Death of RSS (not really)
There has been a wave of Internet folks bemoaning the death of RSS. They’re getting it wrong. RSS is not dying exactly, and its fate is expected and appropriate.
For those of you who need a refresher on what RSS is, see my post on RSS demystified.
Why RSS sucks
There are some big reasons why RSS sucks. Most of it actually has to do with RSS readers.
On the surface, RSS seems really kind of awesome. “I can get updates from all of my favorite sites all in one spot.” Many people in fact do want to browse less so they can get on with their lives.
But many of us do not know our limits and find ourselves hoarding information through RSS readers like Google Reader. There is no cost or immediate consequences involved with subscribing to RSS feeds for everything that the Web has to offer. But then we find ourselves with an RSS reader list so long that it’s paralyzing to try and keep up.
Lastly, an RSS reader is yet another inbox. Lately, I’ve found it to be stressful to have so many inboxes to check up on: email, Facebook, Twitter, Google Reader, Netflix queue, podcasts, DVR queue, voicemail, text messages, OmniFocus, and the physical inbox on my desk. Enough is enough.
Seriously, all of these queues have turned my life’s purpose into unbolding all of the new shit.
Problem: RSS has been about the technology, not the user
RSS to this point has been about the technology, not necessarily about the users of the technology. If you have trouble understanding that statement, look at what RSS widgets used to look like:
So confusing. Sure, most sites didn’t show that many widgets, but many of the icons on their own are confusing unless you understand what RSS or XML are.
What does RSS mean? What about XML? What does it have to do with coffee cups and pills? Really, the only good buttons have said “Subscribe,” but I can imagine how confusing it would be to click that button and get a bunch of XML back. What do I do with that?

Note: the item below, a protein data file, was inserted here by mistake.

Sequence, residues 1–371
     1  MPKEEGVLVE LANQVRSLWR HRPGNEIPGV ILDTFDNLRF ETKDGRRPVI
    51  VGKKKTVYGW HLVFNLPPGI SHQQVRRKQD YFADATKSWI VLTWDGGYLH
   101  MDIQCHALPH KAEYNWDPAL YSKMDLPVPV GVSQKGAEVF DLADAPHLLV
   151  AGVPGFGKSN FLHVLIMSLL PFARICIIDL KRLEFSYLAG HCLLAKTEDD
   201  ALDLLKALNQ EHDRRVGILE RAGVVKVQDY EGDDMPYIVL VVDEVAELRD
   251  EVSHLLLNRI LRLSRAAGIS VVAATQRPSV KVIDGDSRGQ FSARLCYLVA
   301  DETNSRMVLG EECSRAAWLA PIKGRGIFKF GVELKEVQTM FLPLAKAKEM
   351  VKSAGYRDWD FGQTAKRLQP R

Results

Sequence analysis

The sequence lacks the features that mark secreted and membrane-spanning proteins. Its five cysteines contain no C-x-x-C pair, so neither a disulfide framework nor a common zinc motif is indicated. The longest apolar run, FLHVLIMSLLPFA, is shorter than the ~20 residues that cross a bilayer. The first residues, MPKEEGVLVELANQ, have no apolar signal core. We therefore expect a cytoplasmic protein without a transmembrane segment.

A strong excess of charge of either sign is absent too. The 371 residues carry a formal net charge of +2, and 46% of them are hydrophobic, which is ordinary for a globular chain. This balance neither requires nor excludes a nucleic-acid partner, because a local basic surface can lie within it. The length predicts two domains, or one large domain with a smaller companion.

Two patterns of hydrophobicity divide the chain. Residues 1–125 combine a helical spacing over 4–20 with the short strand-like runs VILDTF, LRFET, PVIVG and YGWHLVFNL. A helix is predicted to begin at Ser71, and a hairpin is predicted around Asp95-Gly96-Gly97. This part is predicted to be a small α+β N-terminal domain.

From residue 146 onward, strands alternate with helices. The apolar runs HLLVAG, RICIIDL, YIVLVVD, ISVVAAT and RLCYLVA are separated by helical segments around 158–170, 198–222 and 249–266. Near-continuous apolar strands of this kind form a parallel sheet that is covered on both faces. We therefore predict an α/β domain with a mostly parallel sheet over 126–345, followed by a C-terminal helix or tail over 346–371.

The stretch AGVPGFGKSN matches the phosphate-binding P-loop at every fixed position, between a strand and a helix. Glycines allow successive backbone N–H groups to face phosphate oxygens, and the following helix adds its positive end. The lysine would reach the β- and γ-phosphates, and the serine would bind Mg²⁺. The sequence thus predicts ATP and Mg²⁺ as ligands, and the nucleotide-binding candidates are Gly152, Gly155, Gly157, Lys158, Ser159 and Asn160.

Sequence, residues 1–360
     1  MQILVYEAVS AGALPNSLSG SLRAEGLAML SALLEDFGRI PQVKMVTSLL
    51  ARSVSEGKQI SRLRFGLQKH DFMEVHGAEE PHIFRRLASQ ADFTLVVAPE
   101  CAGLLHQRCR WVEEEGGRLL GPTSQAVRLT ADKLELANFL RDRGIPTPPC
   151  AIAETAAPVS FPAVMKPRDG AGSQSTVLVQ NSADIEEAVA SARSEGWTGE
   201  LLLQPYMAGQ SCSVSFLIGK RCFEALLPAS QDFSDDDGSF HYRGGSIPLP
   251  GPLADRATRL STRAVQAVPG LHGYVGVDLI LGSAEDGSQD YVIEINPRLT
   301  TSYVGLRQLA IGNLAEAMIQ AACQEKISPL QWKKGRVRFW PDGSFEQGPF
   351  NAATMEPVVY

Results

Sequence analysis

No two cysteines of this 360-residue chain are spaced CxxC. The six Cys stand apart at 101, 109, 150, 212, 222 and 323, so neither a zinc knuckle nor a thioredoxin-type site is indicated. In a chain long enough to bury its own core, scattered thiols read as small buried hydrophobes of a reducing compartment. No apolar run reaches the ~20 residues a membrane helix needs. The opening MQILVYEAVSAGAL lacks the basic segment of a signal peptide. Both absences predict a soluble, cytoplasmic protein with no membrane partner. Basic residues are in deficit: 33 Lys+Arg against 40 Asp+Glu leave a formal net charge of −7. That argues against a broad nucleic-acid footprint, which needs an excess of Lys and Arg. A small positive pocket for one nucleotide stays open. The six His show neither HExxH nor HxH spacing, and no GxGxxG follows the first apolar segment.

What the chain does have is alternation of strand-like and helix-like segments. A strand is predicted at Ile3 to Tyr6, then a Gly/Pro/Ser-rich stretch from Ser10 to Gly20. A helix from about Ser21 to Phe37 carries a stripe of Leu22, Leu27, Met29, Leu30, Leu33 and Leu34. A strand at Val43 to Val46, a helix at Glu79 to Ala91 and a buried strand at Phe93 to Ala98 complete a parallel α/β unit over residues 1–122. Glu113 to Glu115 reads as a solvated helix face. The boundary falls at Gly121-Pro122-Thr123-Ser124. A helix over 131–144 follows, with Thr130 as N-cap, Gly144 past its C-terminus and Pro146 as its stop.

Good uses for RSS
Here are some valid uses for RSS. Notice that none of them really involve adding a little RSS icon to your interface. All of these uses are really about masking the technology behind the features. RSS enables the feature but isn’t the feature itself.
1. “Subscribe by email” option
RSS at one time was a hopeful attempt at replacing email (or at least minimizing it). Google Wave was also an attempt to replace email. But people love their email! It’s not going away anytime soon.
Services like FeedBurner allow you to send daily emails to subscribers with a digest of the latest items from your feed. You create a post on your blog, and people receive notification about it via email within a day.
The user doesn’t know or care that RSS is powering this mechanism. They just know that they’re receiving updates from your site.
2. Automatically tweet links to your new articles or blog posts on Twitter
Again, the user doesn’t know or care that RSS is powering this. They use Twitter, not Google Reader.
When you subscribe to a podcast in iTunes, you’re technically subscribing to RSS. There’s a chance that you may not have even known that, dear reader.
Again, people call that a podcast, not RSS. Heck, podcasts even have their own icon that I bet more people recognize than RSS’s.
4. News and link streams on your site
With some programming, you can mash up any number of RSS feeds and display the latest headlines on your site. Use an interface like Yahoo! Pipes, publish that feed, and use it to power a news stream on your site.
Again, visitors will see the news stream, but they won’t know or care that it’s powered by RSS.
Again, notice a theme here?
All of my suggestions above are about using RSS for what it is: a technology. RSS as a technology is only a means to an end. It is not a feature.
The users of the Web have spoken. Highlighting this particular technology just isn’t effective with your normal everyday person. So stop it.